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Hacker group that hit Twitter, Facebook, Apple and Microsoft intensifies attacks

Hacker group that hit Twitter, Facebook, Apple and Microsoft intensifies attacks

The group has been stealing confidential information from large companies worldwide for the past three years

The hackers that targeted Twitter, Facebook, Apple and Microsoft developers two years ago have escalated their economic espionage efforts as they seek confidential business information and intellectual property they can profit from.

The group, which security researchers from Kaspersky Lab and Symantec call Wild Neutron or Morpho, has broken into the networks of over 45 large companies since 2012.

After the 2013 attacks against Twitter, Facebook, Apple and Microsoft were highly publicized, the group went underground and temporarily halted its activity. However, its attacks resumed in 2014 and have since intensified, according to separate reports released Wednesday by Kaspersky Lab and Symantec.

Symantec has identified 49 different organizations in over 20 countries that have fallen victim to the Morpho group since 2012. The majority of them were from the technology, pharmaceutical, commodities and legal sectors and were based in the U.S., Canada or Europe.

Kaspersky identified additional companies compromised by the group that are involved in Bitcoin cryptocurrency, investments, healthcare, real estate, merger and acquisition deals, as well as individual users.

The absence of government or diplomatic corps victims and other details led researchers from the two security vendors to the conclusion that the Morpho group is most likely not sponsored by a nation state. Instead, it's probably a highly sophisticated cybercrime gang that knows how to exploit the business information it obtains for financial gain, for example by selling it to the highest bidder or by profiting from it on the financial markets.

The group has used at least two zero-day exploits so far, one for Flash Player and one for Java, and also had access to a digital certificate stolen from Taiwanese electronics manufacturer Acer that it used to sign its malware programs. This suggests that the attackers have access to high-value intrusion tools and techniques.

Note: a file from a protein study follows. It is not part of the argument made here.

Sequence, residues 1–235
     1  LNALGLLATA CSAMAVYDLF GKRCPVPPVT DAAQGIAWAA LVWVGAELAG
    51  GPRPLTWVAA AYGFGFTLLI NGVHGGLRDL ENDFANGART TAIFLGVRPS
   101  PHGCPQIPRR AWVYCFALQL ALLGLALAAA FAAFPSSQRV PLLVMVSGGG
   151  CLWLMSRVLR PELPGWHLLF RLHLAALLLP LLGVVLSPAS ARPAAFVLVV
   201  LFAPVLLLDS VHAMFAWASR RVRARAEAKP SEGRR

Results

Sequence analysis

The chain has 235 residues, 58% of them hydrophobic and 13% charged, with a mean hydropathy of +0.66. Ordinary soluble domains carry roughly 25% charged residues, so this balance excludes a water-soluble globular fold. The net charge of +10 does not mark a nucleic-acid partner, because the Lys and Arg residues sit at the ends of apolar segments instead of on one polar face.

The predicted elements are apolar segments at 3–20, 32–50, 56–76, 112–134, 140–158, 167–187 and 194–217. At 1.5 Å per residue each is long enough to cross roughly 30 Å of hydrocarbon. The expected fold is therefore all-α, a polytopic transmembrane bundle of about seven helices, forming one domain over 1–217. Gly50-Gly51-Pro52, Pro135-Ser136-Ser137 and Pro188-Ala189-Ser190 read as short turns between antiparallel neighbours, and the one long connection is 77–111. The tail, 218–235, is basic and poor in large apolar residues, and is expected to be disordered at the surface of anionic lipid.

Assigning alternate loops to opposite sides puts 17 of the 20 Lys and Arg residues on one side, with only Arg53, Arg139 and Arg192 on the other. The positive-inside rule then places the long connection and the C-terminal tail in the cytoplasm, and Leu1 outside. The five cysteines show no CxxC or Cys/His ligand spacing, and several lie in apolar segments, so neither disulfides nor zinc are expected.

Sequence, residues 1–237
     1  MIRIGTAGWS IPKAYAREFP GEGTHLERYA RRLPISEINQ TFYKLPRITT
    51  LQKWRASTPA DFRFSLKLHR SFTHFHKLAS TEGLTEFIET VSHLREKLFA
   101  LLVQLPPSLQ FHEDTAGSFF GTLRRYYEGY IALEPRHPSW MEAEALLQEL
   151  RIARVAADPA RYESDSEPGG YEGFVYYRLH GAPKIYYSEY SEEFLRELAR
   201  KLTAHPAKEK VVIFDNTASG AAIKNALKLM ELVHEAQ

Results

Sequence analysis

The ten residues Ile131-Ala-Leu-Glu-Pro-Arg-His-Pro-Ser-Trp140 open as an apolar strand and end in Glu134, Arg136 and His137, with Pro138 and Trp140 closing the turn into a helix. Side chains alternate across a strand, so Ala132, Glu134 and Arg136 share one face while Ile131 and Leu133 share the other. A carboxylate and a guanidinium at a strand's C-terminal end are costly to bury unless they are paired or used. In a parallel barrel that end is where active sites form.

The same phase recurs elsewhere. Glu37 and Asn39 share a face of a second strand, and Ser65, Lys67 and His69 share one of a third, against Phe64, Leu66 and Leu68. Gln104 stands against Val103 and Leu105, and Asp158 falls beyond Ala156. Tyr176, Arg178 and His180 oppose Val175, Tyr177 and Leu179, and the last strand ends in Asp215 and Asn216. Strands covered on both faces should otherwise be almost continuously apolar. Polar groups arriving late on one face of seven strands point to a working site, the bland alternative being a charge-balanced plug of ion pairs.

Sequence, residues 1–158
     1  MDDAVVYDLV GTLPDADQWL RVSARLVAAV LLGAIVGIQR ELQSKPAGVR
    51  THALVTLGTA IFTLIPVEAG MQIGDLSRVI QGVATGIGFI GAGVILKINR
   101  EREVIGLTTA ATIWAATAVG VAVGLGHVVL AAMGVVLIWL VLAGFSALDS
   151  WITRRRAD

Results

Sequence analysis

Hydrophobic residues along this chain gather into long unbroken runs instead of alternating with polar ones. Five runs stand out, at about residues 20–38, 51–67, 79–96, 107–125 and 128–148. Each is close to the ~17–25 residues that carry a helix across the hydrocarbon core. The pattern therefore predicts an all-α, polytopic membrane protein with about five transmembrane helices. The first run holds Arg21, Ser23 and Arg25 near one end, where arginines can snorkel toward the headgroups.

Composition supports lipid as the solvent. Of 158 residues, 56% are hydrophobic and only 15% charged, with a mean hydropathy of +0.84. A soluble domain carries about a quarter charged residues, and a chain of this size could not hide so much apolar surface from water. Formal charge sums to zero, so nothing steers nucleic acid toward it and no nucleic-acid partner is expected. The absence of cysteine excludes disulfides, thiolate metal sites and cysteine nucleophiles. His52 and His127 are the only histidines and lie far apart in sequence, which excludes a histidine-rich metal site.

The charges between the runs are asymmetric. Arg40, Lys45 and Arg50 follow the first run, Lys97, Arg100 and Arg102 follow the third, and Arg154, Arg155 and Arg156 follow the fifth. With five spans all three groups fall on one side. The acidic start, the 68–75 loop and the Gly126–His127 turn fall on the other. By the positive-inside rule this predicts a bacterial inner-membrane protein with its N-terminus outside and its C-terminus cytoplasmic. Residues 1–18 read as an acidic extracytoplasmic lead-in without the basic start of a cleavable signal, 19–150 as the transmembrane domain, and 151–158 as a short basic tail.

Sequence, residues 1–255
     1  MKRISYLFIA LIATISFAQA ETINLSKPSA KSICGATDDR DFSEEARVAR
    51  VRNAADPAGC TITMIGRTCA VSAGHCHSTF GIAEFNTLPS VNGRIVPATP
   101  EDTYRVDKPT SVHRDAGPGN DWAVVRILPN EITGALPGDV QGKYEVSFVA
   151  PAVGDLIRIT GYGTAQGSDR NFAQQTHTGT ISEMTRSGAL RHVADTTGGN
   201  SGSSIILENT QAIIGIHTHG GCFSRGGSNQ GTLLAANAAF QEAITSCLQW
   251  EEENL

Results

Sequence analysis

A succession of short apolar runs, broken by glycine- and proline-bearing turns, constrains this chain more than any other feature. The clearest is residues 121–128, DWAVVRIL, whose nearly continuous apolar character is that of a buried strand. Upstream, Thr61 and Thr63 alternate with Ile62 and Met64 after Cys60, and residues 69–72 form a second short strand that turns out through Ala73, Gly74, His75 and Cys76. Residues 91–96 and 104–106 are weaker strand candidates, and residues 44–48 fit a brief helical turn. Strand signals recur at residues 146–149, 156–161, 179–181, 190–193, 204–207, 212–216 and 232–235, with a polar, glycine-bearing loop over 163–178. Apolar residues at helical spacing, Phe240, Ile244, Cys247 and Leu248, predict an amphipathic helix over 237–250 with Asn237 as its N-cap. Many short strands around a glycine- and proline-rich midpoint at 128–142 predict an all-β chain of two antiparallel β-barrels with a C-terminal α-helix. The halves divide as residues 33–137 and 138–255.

When it targeted developers from technology and Internet companies in 2013 the group launched its attack from a compromised iOS development forum using a Java zero-day exploit. This technique of compromising a website that's visited by multiple intended targets is called a watering hole attack.

That same year the Morpho group used the same method with multiple discussion forums, including expatforum.com, forum.samdroid.net, emiratesmac,com, mygsmindia.com, and a Jihadist discussion board that's now closed, researchers from Kaspersky said in a blog post. The attack vector for the 2014 and 2015 attacks is not yet known, but there are clear indications that a Web-based exploit kit with a zero-day Flash Player exploit was used, they said.

If successful, these Web-based exploits install a custom computer backdoor developed by the group that has versions for Windows and Mac OS X. The attackers then use additional custom hacking tools to move laterally through the network and compromise additional computers, servers and other devices.

According to Symantec's researchers, the Morpho attackers often target regional offices of their intended victims and then move through their internal networks to access their additional locations and headquarters.

The attackers appear to be well informed about the companies they attack and the information they're searching for.

"In many attacks, the group has succeeded in compromising Microsoft Exchange or Lotus Domino email servers in order to intercept company emails and, possibly use them to send counterfeit emails," the Symantec researchers said in a blog post. "The group has also attacked enterprise content management systems, which would often be home to legal and policy documents, financial records, product descriptions and training documents."

In one case, the attackers compromised a Physical Security Information Management (PSIM) system, gaining access to door locks and CCTV camera feeds.

It's not clear where the group is based. According to Symantec, some, if not all of the group's members are fluent in English, which is evident from the malware's code. However, Kaspersky also found one string in Romanian and one in Russian in the command-and-control procedures.

Peaks of activity were observed on the malware's command-and-control servers that correspond with U.S. typical working hours. This could mean that some attackers are based in the U.S., but could also be because the majority of victims are from the U.S. and Canada, forcing attackers to work during that time interval.

"Morpho is a disciplined, technically capable group with a high level of operational security," the Symantec researchers said. "Having managed to increase its level of activity over the past three years whilst maintaining a low profile, the group poses a threat that ought to be taken seriously by corporations."

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